Royal award for pioneering parasite research at Aberystwyth University

Schistosomiasis affects more than 200 million people globally and is transmitted by freshwater snails in tropical areas of Africa, Asia and South America.

Schistosomiasis affects more than 200 million people globally and is transmitted by freshwater snails in tropical areas of Africa, Asia and South America.

17 November 2023

Aberystwyth University has been awarded a Queen’s Anniversary Prize for its pioneering work in helping to tackle the devastating impact of parasitic flatworms.

The prize, which is part of the British Honours system, celebrates the work of scientists in the University’s Department of Life Sciences who specialise in a particular group of parasitic flatworms which cause devastating diseases such as Schistosomiasis in people and Fasciolosis in livestock.

Schistosomiasis is a tropical disease usually spread through contact with contaminated fresh water, killing an estimated 12,000 people and infecting more than 200 million individuals every year.

Fasciolosis affects more than 300 million cattle and 250 million sheep world wide, at a cost of over £2.5 billion a year to the agriculture industry.

Awarded every two years, the Queen’s Anniversary Prizes celebrate excellence and innovation and recognise outstanding work that delivers benefit to the wider world.  

They are run by the Royal Anniversary Trust and are the highest Honour awarded to further and higher education institutions in the UK.

The names of the 22 universities and colleges awarded the accolade this year were announced at a reception at St James’s Palace last night (16 November).

Professor Elizabeth Treasure, Vice-Chancellor of Aberystwyth University, said:

“I am delighted that pathfinding work by our scientists is being recognised with a Queen’s Anniversary Prize and extend my sincere congratulations to all those involved in this pioneering research, past and present. Our academics have been studying these parasites for more than a century, analysing their complex lifecycles and host interactions to an unprecedented level of detail and identifying vulnerabilities which can be targeted by new vaccines or drugs. This prize underlines once gain the importance of the world-leading research that’s undertaken here in Aberystwyth.”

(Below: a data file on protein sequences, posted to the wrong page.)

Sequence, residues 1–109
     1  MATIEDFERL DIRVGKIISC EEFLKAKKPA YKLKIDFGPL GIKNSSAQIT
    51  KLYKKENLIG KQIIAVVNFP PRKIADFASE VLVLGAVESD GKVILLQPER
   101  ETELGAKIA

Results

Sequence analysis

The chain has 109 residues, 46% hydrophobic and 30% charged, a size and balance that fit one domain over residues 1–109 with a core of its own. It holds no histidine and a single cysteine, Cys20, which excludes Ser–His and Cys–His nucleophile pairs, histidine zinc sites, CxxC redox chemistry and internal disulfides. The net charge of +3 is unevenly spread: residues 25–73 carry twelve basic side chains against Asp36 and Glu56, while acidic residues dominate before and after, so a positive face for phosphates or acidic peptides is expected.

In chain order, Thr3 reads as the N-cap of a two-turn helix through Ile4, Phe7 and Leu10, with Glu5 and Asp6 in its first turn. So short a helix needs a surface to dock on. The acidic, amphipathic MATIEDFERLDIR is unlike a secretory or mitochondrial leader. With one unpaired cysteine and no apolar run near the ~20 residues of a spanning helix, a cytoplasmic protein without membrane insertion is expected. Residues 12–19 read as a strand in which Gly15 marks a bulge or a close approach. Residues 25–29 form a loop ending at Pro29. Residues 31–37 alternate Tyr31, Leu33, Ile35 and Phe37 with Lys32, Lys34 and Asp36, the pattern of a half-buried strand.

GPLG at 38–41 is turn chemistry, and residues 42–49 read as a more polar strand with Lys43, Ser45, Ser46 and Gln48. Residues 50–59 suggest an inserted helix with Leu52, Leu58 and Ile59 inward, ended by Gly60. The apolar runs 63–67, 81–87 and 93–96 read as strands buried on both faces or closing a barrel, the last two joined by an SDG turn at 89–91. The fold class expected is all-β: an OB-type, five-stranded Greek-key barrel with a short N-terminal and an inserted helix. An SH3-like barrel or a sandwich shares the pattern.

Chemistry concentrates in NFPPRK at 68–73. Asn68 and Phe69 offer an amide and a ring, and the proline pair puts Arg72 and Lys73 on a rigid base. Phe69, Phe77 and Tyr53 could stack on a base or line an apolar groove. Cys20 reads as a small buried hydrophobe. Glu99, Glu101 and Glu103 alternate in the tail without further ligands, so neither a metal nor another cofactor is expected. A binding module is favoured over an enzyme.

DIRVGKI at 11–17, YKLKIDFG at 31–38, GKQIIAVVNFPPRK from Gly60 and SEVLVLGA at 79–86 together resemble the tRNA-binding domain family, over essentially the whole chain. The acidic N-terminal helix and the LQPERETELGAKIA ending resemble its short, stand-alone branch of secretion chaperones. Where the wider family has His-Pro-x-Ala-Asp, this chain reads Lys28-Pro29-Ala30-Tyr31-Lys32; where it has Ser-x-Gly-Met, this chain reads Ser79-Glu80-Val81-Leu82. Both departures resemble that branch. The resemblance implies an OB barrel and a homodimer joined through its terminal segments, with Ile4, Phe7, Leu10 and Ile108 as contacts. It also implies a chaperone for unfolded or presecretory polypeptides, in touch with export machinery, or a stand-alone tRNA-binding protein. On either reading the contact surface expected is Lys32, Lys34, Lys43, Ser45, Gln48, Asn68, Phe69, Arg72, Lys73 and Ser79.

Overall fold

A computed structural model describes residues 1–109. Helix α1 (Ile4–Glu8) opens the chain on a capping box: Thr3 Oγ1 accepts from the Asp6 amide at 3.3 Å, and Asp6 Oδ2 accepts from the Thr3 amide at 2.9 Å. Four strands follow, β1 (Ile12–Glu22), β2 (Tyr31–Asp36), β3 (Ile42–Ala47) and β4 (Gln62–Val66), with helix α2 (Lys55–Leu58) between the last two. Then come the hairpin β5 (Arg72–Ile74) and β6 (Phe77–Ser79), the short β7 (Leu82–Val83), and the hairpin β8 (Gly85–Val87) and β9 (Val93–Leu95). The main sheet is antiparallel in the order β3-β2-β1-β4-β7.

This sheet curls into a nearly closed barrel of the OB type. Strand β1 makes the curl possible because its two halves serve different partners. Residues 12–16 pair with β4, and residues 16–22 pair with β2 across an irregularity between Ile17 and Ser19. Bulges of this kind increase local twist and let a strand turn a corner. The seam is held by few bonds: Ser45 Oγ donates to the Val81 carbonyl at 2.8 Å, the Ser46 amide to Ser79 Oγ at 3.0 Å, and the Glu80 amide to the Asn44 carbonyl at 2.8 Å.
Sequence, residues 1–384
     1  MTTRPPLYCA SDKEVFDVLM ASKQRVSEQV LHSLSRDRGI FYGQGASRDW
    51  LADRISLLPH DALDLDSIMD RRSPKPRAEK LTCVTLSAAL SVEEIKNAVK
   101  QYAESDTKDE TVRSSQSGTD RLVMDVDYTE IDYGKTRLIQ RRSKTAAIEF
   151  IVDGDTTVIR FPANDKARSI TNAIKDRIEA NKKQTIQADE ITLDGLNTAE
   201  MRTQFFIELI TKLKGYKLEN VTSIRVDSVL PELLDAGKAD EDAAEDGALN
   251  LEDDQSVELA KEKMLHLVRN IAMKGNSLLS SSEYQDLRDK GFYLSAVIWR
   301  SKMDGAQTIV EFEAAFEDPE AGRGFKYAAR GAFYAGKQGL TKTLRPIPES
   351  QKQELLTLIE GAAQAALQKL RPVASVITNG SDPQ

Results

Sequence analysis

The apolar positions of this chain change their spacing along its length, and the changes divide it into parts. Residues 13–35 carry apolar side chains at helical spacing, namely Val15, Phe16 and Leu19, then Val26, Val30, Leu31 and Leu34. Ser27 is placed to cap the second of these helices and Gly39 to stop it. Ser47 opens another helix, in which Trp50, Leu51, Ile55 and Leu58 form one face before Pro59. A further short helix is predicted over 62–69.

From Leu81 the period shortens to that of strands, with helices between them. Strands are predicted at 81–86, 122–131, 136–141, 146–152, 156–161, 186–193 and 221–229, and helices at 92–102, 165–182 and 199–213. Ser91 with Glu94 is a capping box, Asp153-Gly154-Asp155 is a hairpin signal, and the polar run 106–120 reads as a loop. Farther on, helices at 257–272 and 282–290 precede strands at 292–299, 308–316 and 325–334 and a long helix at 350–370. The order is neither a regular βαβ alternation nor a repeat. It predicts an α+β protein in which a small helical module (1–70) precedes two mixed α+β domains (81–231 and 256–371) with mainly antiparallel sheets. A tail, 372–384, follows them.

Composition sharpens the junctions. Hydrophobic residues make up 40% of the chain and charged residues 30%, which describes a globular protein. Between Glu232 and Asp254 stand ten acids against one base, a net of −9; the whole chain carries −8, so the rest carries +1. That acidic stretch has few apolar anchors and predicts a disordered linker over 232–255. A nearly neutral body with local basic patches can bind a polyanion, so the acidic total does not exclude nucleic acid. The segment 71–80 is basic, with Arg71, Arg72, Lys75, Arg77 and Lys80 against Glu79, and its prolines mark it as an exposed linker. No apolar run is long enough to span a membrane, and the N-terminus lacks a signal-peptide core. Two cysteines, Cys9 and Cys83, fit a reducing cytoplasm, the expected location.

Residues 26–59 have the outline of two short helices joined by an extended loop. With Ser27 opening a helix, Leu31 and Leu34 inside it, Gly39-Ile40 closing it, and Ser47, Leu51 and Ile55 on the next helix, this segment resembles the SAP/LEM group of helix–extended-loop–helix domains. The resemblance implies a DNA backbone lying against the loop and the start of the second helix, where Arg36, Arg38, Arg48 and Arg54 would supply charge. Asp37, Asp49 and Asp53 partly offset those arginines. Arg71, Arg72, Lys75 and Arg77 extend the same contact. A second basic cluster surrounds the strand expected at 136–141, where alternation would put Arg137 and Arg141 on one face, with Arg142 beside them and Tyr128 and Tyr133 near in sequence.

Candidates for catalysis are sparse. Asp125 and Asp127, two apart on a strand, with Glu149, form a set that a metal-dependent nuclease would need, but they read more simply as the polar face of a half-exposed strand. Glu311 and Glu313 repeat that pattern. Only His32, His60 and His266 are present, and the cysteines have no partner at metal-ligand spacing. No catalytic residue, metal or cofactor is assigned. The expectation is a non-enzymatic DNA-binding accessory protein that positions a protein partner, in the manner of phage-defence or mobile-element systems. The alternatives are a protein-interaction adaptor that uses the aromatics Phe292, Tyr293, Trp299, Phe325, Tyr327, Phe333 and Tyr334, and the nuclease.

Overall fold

Professor Karl Hoffmann, Director of the Barrett Centre for Helminth Control at Aberystwyth University, added:

“Parasitic worms cause some of the most disfiguring, debilitating and chronic infectious diseases of human and animal populations across the globe. They kill thousands of people and animals annually, and lead to the suffering of millions more. They also threaten food and crop security and create substantial economic losses.

“This award is a tribute to the parasitologists who have created a centre of excellence at Aberystwyth and who play a pivotal role in ongoing international efforts to control parasitic flatworm diseases and mitigate their devastating consequences on human and animal health as well as food production globally.”

Sir Damon Buffini, Chair of The Royal Anniversary Trust said:

“The Queen’s Anniversary Prizes for Higher and Further Education are an integral part of our national Honours system, shining a light on the groundbreaking work taking place in universities and colleges across the UK. All 22 Prize-winners demonstrate excellence, innovation and impact, with many tackling some of the toughest problems we as a society face today. They are to be commended for reaching this pinnacle of achievement in the tertiary education sector. Congratulations!” 

The Queen’s Anniversary Prize was also awarded to Aberystwyth University in 2009 in recognition of its innovative and high-impact crop and plant-breeding research.